Keen to add some more raw foods to your diet but then picture yourself spending every free moment of your time blending and juicing? Have no fear, you won’t be stuck in the kitchen all day. Gradually incorporating raw foods, other than just fruit and veg, into your diet is a lot easier these days with more suitable products becoming available. Take it step by step, starting with the goodies we have here.
Raw food is food that hasn’t been processed, refined, treated with pesticides, pasteurised or heated over 40 – 48 degrees Celsius. It is usually eaten as is or juiced, soaked, sprouted, dehydrated or blended. A raw food diet consists of mostly fruits and vegetables, as well as nuts and seeds, but can also contain products made up of raw ingredients.
You may want to follow a raw food diet or incorporate more raw foods and products as a taste preference, as a way to experience more vitality, as a means to have a lighter environmental impact, or to preserve the natural enzymes found in foods. A raw diet often results in less calories eaten and so is also used as a way to lose weight.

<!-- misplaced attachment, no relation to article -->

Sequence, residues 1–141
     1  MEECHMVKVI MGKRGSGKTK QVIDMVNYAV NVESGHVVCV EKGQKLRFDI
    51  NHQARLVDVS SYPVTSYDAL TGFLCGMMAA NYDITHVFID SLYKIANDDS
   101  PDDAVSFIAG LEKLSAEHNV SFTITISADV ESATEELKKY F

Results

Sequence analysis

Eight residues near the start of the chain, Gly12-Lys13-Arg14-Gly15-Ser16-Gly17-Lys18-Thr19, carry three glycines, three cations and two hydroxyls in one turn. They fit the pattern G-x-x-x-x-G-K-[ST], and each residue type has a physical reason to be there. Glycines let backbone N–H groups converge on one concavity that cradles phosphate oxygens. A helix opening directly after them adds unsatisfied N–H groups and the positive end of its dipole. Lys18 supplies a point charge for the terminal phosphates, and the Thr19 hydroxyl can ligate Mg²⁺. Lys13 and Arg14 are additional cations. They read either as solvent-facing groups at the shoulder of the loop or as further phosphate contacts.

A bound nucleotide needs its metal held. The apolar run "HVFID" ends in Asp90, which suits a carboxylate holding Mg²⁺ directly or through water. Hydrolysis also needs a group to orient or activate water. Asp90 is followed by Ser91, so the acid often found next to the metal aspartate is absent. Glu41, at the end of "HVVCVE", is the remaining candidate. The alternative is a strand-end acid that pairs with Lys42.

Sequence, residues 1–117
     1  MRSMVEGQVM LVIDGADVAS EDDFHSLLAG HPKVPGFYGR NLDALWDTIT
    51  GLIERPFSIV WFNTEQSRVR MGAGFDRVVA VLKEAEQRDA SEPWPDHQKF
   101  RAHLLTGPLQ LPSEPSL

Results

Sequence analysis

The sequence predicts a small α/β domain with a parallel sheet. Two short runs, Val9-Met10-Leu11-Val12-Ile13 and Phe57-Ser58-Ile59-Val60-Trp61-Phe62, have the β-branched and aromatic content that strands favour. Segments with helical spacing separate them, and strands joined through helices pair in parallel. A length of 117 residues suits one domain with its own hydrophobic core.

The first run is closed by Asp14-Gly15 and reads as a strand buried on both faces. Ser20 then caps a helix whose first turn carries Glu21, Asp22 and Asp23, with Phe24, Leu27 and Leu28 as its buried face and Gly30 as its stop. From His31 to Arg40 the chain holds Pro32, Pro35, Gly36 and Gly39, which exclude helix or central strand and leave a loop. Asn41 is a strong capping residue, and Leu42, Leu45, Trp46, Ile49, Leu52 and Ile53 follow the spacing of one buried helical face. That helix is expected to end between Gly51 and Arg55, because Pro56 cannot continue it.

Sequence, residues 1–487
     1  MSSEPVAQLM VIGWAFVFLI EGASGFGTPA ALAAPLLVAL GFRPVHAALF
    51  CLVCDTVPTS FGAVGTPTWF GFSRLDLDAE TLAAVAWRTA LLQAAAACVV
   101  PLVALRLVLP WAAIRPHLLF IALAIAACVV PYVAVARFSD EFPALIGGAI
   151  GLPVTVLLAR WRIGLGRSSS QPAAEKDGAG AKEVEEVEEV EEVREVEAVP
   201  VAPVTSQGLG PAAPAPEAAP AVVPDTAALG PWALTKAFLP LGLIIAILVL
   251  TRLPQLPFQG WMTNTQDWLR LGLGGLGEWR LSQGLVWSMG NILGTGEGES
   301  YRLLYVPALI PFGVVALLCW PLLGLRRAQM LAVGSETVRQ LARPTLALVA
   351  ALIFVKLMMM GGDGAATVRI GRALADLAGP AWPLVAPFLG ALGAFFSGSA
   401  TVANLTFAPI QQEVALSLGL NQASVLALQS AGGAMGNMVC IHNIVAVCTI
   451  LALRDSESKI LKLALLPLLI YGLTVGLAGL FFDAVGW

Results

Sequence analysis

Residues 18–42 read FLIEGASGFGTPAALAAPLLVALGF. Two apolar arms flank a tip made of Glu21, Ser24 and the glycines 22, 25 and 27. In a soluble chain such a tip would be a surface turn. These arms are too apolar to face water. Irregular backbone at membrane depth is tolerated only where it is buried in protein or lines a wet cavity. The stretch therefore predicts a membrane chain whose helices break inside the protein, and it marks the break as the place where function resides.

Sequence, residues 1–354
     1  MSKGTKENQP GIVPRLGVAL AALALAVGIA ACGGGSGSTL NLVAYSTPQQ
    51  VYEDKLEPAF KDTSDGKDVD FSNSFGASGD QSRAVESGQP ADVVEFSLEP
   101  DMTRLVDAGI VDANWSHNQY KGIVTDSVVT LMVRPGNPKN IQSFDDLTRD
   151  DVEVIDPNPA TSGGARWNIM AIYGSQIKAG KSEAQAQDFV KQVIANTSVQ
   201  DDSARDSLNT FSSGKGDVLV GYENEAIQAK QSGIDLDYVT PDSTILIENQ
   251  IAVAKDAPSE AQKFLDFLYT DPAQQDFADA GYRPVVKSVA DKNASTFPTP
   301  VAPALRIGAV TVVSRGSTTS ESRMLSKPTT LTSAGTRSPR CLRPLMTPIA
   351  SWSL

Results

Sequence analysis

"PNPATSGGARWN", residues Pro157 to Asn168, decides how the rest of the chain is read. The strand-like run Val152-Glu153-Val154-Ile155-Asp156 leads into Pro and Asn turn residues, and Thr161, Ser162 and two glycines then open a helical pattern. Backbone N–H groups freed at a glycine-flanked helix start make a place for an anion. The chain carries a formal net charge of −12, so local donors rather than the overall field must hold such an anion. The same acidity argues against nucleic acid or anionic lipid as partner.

- Legumes are generally also included in a raw food diet but then have to be soaked or sprouted before eaten
- Home-made nut milks can be included in a raw food diet, as well as raw eggs and raw meat
- Cooking foods is a way to destroy any harmful bacteria or other compounds, so be sure to clean your raw foods where possible and eat them within the best-before dates
- Bear in mind that a calorie intake that is right for you to live a healthy life at a weight that is right for you may not always be possible on a completely raw food diet for various reasons. It’s always best to discuss a big dietary change with your healthcare provider if you are concerned about getting the nutrients you need.